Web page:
The Works

The Works

Type:VideoLanguage:EnglishCategories:Personalities FeatureArts & CultureStatus:On going Description: RTHK' s The Works focuses on Hong Kong's arts and cultural scene.

The Works features news and reviews of visual and performing arts, design, literary and other “ works ” .

Added illumination comes from interviews with leading performers and producers, interspersed with updates on events affecting the development of the territory 's artistic and cultural life. There's also in – most weeks – a live studio performance.

The Works is aired on RTHK 31 & 31A every Wednesday at 17:30, and a repeat every Thursday at 06:30 & Saturday at 18:30.

Archive available later after broadcast. ** Please note that the programme air-time on TV is different with webcast time.



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Compilation of the best music performances & Chinese New Year song from our three presenters 00:21:37 2018-02-21
That’s a Happy Lunar New Year from the three of us for this first episode of The Works and 藝坊星期天 in the Year of the Dog.

Regular viewers will know that we have live music on our show pretty much every week. Today we’re featuring highlights from the distinguished musicians who came through our studio last year. You may have seen them on the show at the time, but we have something a little extra today as they all also performed something special for just this occasion. Last July, Hong Kong hosted the World Harp Congress for the first time. More than 800 harpists from 50 countries came to town. Among them was Chinese musician Gao Xiaotang, here performing the piece, “Pipa Language” on a very special harp.

Thanks to its range and versatility, the piano is one of the most popular and versatile instruments in music. Over the years, many world-renowned pianists have passed through our studio. Last May, Venezuelan musician Gabriela Montero played us a piece by Schumann. But she also showed us another skill for which she’s celebrated: creating an instant improvisation on a given tune, this time on a Cantopop song 喜帖街 by Kay Tse.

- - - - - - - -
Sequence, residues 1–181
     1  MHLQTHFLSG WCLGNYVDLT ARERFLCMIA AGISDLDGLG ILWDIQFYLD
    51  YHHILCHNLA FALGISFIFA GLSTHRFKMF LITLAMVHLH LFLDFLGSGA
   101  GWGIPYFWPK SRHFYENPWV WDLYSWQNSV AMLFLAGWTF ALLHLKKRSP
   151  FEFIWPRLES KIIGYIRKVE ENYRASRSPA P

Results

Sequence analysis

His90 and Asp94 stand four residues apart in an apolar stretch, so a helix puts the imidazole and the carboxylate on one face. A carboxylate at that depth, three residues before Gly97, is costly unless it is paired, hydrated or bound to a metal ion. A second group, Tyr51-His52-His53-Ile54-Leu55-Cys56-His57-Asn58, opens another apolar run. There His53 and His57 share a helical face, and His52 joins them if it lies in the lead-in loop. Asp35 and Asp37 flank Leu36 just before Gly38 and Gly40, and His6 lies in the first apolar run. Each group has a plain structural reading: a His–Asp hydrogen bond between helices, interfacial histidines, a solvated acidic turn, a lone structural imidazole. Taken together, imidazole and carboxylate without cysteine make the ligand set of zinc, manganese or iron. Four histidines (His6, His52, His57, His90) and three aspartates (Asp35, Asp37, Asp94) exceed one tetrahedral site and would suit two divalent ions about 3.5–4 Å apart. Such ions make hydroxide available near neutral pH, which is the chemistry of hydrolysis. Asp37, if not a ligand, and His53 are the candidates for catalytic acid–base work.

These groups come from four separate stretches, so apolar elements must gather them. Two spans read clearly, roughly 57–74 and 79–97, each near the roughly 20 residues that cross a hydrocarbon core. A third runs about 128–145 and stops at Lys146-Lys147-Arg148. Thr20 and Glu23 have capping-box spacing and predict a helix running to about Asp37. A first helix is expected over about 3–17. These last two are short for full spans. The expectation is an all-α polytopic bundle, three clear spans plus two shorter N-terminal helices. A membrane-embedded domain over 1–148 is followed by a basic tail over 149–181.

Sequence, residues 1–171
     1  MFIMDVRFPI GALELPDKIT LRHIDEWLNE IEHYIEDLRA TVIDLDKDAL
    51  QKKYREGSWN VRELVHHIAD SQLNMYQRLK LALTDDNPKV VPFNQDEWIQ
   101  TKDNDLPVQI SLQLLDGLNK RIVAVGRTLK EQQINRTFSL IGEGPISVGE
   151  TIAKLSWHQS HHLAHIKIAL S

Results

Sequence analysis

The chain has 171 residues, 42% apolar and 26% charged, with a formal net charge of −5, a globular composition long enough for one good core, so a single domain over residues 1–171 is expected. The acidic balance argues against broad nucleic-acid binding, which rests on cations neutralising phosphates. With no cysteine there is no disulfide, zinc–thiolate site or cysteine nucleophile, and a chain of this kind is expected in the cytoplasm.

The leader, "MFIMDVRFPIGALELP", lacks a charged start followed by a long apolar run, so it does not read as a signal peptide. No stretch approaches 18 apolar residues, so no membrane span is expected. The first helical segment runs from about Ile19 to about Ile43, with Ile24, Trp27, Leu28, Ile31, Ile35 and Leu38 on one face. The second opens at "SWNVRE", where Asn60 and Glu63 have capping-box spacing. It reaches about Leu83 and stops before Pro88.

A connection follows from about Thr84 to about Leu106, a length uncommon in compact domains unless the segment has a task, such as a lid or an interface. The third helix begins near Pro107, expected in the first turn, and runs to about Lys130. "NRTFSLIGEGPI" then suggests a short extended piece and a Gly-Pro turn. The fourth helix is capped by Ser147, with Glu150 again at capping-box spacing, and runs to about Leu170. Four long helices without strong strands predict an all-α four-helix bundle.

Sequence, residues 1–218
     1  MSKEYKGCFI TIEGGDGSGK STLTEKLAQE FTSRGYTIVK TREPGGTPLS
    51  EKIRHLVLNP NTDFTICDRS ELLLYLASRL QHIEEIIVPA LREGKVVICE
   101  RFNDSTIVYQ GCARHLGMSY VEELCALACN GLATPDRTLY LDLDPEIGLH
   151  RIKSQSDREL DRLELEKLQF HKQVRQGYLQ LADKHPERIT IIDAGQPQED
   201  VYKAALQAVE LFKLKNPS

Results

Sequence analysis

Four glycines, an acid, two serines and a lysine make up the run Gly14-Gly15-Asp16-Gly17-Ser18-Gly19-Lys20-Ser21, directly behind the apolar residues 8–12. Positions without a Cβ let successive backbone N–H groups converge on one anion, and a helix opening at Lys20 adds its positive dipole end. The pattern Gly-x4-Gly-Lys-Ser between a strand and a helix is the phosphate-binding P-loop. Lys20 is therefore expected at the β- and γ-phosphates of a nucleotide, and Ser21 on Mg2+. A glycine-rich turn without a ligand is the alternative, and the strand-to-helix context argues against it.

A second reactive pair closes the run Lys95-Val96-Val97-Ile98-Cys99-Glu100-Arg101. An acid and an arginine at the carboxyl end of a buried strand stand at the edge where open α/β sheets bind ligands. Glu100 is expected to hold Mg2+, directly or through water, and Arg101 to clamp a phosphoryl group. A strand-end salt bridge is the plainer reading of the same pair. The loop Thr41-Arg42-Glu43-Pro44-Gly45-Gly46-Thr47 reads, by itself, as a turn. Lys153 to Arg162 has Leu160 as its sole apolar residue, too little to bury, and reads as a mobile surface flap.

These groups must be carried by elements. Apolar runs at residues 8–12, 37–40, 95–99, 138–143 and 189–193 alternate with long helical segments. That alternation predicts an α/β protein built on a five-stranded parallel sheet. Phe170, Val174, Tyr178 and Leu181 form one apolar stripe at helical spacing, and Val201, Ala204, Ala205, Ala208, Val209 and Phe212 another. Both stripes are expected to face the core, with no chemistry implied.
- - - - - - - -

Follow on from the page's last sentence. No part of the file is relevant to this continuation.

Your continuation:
As Montero pointed out while talking to us, classical composers like Bach, Mozart, Chopin and Liszt were all themselves noted improvisers. Italian composer Ferruccio Busoni was also no slouch in terms of adapting the work of other composers into new forms. Among those whose music he transcribed were Liszt, Bach, Schubert and Mozart. Pianist Chiyan Wong, who was on our show in May, is also fascinated by transcriptions. He performed one of Busoni’s Mozart transcriptions for us.

French composer Pierre Gabaye’s composed in the French neo-classical tradition. His music is light-hearted, chirpy and upbeat. Trumpeter Paul Archibald gave us a taster when he played one of Gabaye’s liveliest pieces, “Boutade”. And while we’re on the subject of light-hearted and lively music, the marimba instantly imparts energy to a piece, whether in solo performance, as part of small ensembles, or even with marching bands or orchestras. In December, percussionist Matthew Lau came to visit us. He played a piece by Steve Reich for us, but he also performed, for this week’s show, a piece by Argentinian composer, Julian Rulo.

And to wrap up our musical extravaganza we’re bringing you a highlight from one of the many ensembles we’ve featured. Last April, we featured the Storioni Trio from the Netherlands playing part of Beethoven’s concerto for violin, cello and piano. But they also recorded another treat for us, an excerpt from from Dvorak’s Piano Trio No. 4. Well, that’s it from us for this Lunar New Year Special. Keep watching through the Year of the Dog for more of the best music in town.